Accompanying these navigational aids is the chart. A chart is like a map, showing the location of all the markers as well as ocean depths and other geographical idiosyncrasies of an area. As it turns out, we had kept a chart of our home waters framed in the kitchen ever since we moved to Port Townsend. It has received only scant notice in all the time it has hung on the wall. But in the days leading up to our inaugural voyage, the whole family at various times began to regard the chart with greater interest.
"What are those numbers all over the chart?" one or the other child would inquire.
"They indicate the water's depth at each point."
"Hmmm. Two feet doesn't sound very deep to me."
"No, it doesn't. But the numbers are in fathoms and there are 6 feet to a fathom."
Silence hung in the air for a moment, while small fingers dipped in succession.
"Oh. Twelve feet. Is that deep enough for the N?is?"
"Yup. She only draws four feet of water".
And off they went seemingly satisfied with this bit of insight.
The lessons in the kitchen confronted us for real now. With our chart carefully folded to reveal just the passage before us, we located each marker on the map along with its ocean-bound counter part.
"There's green number three," a voice rang out before the mast.
"Got it", I shouted from the helm.
"Look out, three crab pots to port!"
Crab pots, the bane of our trip. Tiny ubiquitous red and white floats bobbing barely above the surface, each trailing yards of line that could easily get caught in props or rudders.
"OK, we'll just have to thread between them and the marker. Make sure no lines cross our bow."
Three pairs of able young eyes continued to scan the water. Myles was the first to see bottom and shout it out. We had been careful to set sail on an incoming tide. The kids and I had reviewed the tide tables the day before and saw that low tide was set for 10:02 that morning. High tide was predicted at 5:58 p.m. We had set sail at 2 p.m. This clearly put us on the flood tide, but it was not so late in the day as to catch the tide at its highest point.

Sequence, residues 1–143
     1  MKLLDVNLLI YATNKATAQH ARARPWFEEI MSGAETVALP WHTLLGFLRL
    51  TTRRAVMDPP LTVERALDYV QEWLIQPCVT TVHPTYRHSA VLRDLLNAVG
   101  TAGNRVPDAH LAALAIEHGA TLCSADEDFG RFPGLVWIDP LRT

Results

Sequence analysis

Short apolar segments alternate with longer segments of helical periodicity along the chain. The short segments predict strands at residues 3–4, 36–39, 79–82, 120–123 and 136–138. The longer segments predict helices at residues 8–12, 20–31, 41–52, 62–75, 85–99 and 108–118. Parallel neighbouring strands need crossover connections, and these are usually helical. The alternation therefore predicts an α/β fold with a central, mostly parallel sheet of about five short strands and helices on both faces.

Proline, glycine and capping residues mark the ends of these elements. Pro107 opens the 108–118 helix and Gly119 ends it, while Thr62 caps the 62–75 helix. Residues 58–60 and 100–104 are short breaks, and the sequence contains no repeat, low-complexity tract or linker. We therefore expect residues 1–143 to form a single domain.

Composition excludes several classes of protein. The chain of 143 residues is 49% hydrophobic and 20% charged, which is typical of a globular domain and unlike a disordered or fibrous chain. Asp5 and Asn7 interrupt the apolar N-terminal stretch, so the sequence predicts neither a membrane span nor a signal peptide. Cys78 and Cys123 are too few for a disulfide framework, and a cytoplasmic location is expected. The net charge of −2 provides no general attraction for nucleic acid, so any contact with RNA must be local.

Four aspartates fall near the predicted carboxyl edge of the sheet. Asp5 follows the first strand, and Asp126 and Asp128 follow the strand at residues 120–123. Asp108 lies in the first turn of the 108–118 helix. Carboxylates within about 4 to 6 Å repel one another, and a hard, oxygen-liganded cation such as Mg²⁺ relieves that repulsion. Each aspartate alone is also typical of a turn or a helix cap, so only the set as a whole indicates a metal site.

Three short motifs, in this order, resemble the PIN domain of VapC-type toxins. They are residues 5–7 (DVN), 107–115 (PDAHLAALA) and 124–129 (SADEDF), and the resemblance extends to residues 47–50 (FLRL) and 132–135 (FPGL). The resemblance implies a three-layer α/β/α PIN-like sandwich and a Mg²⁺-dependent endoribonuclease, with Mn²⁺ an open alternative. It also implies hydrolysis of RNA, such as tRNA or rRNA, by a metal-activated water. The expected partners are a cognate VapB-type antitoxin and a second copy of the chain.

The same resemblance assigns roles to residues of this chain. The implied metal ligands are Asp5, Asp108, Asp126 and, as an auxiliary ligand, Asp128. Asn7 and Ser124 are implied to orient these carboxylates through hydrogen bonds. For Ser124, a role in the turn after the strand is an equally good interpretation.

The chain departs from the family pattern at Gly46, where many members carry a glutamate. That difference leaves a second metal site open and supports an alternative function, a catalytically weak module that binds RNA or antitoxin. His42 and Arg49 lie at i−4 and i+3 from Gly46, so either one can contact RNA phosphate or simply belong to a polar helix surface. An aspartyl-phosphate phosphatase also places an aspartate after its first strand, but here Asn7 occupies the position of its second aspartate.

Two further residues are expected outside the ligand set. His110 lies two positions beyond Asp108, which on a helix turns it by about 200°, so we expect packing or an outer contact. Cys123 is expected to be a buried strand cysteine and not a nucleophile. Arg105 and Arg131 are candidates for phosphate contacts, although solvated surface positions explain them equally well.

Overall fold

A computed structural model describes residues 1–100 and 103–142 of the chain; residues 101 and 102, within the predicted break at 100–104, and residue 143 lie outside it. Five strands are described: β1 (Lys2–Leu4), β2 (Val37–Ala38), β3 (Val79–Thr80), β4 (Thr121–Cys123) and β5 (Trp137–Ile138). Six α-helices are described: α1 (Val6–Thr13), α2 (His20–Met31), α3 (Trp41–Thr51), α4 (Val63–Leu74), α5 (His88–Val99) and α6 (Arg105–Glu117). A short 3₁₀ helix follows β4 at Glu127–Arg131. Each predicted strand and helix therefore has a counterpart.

"Well, the chart says it's twelve feet at mean low tide. Let's hope it's right," I hollered forward. At this, Deborah looked up with a slightly furrowed brow. Charts are incredibly accurate, but the ocean floor is a dynamic environment, subject to change. So I just shrugged and kept an eye on the bottom as it passed silently beneath our stern.
After a few minutes we could no longer see the harbor floor. Relieved, we headed south to the last marker and our final destination, the broad sixty-foot dock that extended into the harbor off the foot of Fort Flager State Park.
The dock now lay just twenty yards ahead. This should have been the easy part. After all, we had docked the N?is in her home berth many times before this summer. But never, it occurred to me later, had we tried to dock while running with a four-knot current. And certainly never had we tried to come along side a dock populated from one end to the other with dangling crab pots, fishing lines and children taking momentary relief from the summer sun in the cold, fresh waters of the Puget Sound. Nope, absolutely nothing in our summer's reading nor our lessons with Irwin prepared us for the spectacle of a two ton wooden boat bearing down unrelenting upon frolicking families of summer fishermen.